Updated:CENTRAL FLORIDA —
A University of Central Florida professor has been awarded a national grant to find out if Florida's pill mill law is working.
The illegal sale of prescription drugs like oxycodone was so bad in Florida several years ago that the state got the nickname "Oxy Express."
But with the help of tougher laws, there's an aggressive push to shut down so-called pill mills.
"More and more people are dying from overdoses. Law enforcement is cracking down on this," said UCF Associate Professor Dr. Jacinta Gau.
Gau is about to embark on a two-year study of Florida's pill-mill legislation which was implemented in 2011.
She just received a $250,000 federal grant for her work. She and a team will check to see if wholesalers, pharmacies and physicians are abiding by the lengthy law.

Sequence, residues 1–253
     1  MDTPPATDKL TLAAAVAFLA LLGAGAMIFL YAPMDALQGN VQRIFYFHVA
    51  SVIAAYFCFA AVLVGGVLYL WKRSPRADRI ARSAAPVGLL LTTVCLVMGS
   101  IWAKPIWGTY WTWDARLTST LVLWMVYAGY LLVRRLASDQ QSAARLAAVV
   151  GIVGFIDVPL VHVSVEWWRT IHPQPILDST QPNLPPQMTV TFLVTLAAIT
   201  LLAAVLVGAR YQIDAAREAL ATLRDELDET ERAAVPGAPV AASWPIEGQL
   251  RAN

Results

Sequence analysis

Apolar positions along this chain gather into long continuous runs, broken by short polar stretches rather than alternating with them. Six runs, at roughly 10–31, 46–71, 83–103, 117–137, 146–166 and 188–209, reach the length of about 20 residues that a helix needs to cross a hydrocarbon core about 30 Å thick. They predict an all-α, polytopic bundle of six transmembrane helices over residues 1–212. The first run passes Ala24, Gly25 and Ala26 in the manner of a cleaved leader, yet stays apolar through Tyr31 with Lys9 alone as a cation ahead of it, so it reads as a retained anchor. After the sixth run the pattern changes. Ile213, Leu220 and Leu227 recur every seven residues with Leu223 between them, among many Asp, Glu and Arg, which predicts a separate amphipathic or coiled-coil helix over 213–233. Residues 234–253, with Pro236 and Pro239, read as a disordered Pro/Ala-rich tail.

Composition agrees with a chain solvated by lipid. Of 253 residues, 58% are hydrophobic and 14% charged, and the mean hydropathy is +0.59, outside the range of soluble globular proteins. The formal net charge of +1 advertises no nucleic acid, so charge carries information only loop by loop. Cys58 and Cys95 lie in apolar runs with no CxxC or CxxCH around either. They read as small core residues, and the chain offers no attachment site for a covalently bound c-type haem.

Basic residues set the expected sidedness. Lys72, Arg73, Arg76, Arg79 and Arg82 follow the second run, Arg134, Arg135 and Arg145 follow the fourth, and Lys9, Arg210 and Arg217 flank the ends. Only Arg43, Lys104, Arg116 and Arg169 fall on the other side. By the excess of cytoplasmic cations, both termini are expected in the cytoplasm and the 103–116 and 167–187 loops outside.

They'll focus on parts of the law like new reporting requirements, improved regulations for pharmacies and a new standard of care which physicians are held to when prescribing pills.
"I hope we are able to speak to how well the law works and what provisions of it might be the most effective," said Gau.
A recent Florida Department of Law Enforcement reports shows the number of deaths caused by oxycodone dropped 18-percent. Overall prescription drug deals in Florida fell by 6.5 percent, but Gau thinks there's more work to be done.
"We need to change public perception and get people to understand that these are very addictive," Gau said.
The professor will begin her work in January. She will submit progress reports and a final report that outlines her findings. She told WFTV modifications to the bill are likely.
UCF professor awarded grant to study Fla. pill mill law
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